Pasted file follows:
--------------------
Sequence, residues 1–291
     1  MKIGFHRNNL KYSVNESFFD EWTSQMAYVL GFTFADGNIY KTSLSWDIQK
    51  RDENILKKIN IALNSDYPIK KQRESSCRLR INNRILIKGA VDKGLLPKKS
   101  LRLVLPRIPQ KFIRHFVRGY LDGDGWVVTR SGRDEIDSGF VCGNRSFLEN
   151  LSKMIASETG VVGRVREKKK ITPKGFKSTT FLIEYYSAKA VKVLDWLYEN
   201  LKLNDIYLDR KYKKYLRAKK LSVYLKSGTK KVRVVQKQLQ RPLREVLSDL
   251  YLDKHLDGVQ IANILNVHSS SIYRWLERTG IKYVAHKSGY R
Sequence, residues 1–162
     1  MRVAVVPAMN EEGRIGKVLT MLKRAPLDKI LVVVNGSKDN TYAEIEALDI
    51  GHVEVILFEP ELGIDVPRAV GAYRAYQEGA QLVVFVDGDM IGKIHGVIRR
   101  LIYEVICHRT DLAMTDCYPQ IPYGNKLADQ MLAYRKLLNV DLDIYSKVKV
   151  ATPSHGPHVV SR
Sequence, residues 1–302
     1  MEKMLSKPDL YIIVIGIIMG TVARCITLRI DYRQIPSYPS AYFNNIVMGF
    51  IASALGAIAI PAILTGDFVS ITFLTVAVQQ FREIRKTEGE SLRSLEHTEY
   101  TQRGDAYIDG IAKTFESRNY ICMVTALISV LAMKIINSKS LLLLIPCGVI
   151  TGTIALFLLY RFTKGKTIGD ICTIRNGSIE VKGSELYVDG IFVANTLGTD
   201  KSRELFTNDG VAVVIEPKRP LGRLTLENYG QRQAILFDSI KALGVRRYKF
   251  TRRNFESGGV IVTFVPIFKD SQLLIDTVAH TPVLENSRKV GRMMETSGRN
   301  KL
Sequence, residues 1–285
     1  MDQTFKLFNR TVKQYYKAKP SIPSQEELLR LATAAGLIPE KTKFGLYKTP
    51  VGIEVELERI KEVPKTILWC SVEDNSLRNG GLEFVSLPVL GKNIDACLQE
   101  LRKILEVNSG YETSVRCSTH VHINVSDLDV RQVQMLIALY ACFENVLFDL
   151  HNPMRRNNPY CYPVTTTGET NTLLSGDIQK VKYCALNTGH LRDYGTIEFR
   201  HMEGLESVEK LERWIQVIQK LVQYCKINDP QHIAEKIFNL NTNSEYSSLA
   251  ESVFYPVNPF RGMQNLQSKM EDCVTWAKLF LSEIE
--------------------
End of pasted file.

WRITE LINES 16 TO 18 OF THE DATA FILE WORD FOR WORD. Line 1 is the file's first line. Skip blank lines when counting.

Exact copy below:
   101  TQRGDAYIDG IAKTFESRNY ICMVTALISV LAMKIINSKS LLLLIPCGVI
   151  TGTIALFLLY RFTKGKTIGD ICTIRNGSIE VKGSELYVDG IFVANTLGTD
   201  KSRELFTNDG VAVVIEPKRP LGRLTLENYG QRQAILFDSI KALGVRRYKF